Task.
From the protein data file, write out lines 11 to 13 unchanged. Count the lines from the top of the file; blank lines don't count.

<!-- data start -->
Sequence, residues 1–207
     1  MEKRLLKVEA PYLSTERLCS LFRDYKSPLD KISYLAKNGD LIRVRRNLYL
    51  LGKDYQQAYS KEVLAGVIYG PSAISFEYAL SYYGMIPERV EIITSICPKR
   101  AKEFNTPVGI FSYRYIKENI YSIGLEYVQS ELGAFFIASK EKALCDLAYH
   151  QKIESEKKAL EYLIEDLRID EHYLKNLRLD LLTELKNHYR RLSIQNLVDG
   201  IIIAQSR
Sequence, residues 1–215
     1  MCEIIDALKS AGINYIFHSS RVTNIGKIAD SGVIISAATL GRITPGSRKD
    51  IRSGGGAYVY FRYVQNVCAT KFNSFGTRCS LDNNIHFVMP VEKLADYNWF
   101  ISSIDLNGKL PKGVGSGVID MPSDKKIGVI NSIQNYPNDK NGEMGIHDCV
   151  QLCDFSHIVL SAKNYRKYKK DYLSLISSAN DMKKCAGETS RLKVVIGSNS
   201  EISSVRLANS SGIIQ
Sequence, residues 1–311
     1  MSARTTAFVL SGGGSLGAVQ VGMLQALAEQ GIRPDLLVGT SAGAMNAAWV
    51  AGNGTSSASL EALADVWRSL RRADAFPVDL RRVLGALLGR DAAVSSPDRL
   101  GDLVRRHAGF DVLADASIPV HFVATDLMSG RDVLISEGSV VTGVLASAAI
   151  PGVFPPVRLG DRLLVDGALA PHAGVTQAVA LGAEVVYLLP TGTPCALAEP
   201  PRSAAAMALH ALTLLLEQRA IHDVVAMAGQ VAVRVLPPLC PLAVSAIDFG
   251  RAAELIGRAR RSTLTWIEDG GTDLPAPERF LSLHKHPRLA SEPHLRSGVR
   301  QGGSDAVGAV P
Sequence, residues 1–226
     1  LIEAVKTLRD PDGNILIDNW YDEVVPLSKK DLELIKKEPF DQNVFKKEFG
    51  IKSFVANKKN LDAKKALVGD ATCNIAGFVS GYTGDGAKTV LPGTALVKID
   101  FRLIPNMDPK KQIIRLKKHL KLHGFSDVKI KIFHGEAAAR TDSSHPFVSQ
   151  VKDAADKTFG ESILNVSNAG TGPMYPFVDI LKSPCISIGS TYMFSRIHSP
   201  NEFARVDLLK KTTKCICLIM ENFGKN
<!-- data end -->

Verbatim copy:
   151  QLCDFSHIVL SAKNYRKYKK DYLSLISSAN DMKKCAGETS RLKVVIGSNS
   201  EISSVRLANS SGIIQ
Sequence, residues 1–311